Posted on Wednesday, June 9th, 2010
The Great Bustard, which became extinct in Britain as a nesting bird in 1832, successfully nested last year, when two pairs fledged two chicks on Salisbury Plain, in Wiltshire. And now the birds have produced eggs and healthy chicks for a second year running.
David Waters Founder and Director of the Great Bustard Group says: "This year we are aware of four Great Bustard nests, and that so far four chicks have hatched. In spite of their considerable size, nesting females are notoriously hard to find, and thus other females are suspected of nesting in addition to the four we are aware of. We very much hope these females will turn up with their youngsters later in the autumn, since the mother-offspring bond is especially strong and long-lasting. Since each mother has a tag, we will be able to tell which mothers were the 'super-nannies'."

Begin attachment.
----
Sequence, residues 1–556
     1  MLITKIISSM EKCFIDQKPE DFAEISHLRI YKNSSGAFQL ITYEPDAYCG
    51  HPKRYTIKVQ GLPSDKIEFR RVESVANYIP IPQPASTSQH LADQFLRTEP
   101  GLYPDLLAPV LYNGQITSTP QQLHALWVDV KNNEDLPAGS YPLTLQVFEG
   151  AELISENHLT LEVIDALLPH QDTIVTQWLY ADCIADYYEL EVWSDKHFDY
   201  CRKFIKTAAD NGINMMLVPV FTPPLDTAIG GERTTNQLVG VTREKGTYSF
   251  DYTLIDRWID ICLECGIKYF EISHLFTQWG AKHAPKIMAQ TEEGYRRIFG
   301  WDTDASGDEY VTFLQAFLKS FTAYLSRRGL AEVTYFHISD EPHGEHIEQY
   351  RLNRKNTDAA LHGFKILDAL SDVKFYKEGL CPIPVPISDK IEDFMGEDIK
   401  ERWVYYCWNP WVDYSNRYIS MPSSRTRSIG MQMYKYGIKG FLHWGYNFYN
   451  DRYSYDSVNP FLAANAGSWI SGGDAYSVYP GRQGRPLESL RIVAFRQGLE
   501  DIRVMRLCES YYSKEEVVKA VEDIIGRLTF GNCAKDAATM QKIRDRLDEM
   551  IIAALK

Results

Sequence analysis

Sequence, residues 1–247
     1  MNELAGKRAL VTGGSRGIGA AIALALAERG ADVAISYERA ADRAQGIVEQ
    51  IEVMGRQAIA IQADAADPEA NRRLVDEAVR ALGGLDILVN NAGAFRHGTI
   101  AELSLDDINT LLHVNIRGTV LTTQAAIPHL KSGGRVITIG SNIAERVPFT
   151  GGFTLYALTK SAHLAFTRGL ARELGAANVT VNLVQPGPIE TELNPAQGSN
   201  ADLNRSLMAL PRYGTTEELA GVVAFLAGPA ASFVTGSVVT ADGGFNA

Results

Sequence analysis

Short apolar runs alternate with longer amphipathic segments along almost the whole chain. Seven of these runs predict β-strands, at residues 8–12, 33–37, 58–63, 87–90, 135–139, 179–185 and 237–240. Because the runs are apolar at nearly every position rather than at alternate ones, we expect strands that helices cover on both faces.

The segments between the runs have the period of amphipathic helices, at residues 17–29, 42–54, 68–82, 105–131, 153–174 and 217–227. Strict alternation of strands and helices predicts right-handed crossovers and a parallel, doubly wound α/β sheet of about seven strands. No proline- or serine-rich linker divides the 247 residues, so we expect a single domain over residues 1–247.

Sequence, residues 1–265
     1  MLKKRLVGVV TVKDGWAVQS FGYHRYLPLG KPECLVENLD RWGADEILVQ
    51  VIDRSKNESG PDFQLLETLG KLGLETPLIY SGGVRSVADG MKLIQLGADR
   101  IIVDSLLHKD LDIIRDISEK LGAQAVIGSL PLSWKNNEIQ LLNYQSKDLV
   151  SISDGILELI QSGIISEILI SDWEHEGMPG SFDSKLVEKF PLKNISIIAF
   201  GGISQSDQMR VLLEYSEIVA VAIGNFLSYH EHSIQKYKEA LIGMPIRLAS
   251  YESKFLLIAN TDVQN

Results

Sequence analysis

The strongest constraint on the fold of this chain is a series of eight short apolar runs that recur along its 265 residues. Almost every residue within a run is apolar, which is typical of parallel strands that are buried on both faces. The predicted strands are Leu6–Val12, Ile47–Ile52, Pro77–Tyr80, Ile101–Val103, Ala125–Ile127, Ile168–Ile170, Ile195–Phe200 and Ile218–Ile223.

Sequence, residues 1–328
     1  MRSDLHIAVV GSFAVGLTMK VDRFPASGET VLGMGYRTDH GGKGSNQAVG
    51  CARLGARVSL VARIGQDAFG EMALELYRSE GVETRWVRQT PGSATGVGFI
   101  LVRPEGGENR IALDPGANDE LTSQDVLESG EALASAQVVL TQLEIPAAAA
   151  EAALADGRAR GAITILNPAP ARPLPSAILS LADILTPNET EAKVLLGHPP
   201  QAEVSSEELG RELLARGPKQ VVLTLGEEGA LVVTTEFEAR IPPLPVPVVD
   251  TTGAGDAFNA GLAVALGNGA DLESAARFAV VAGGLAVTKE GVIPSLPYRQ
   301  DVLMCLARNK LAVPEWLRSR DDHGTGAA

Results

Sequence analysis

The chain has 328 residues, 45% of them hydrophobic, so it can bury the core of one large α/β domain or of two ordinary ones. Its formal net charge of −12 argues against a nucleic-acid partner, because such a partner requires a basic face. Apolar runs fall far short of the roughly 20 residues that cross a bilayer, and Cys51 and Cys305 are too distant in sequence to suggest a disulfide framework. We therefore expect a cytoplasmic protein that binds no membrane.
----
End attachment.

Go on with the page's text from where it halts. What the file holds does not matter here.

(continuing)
The nest sites are kept secret due to fears of pressure from bird watchers and the eggs were marked with a special permanent DNA glue to deter and help prosecute egg collectors.
Two years of successful breeding and increasing number of nests indicate last year was no fluke, and that the Great Bustard is well on its way back to being established in the UK.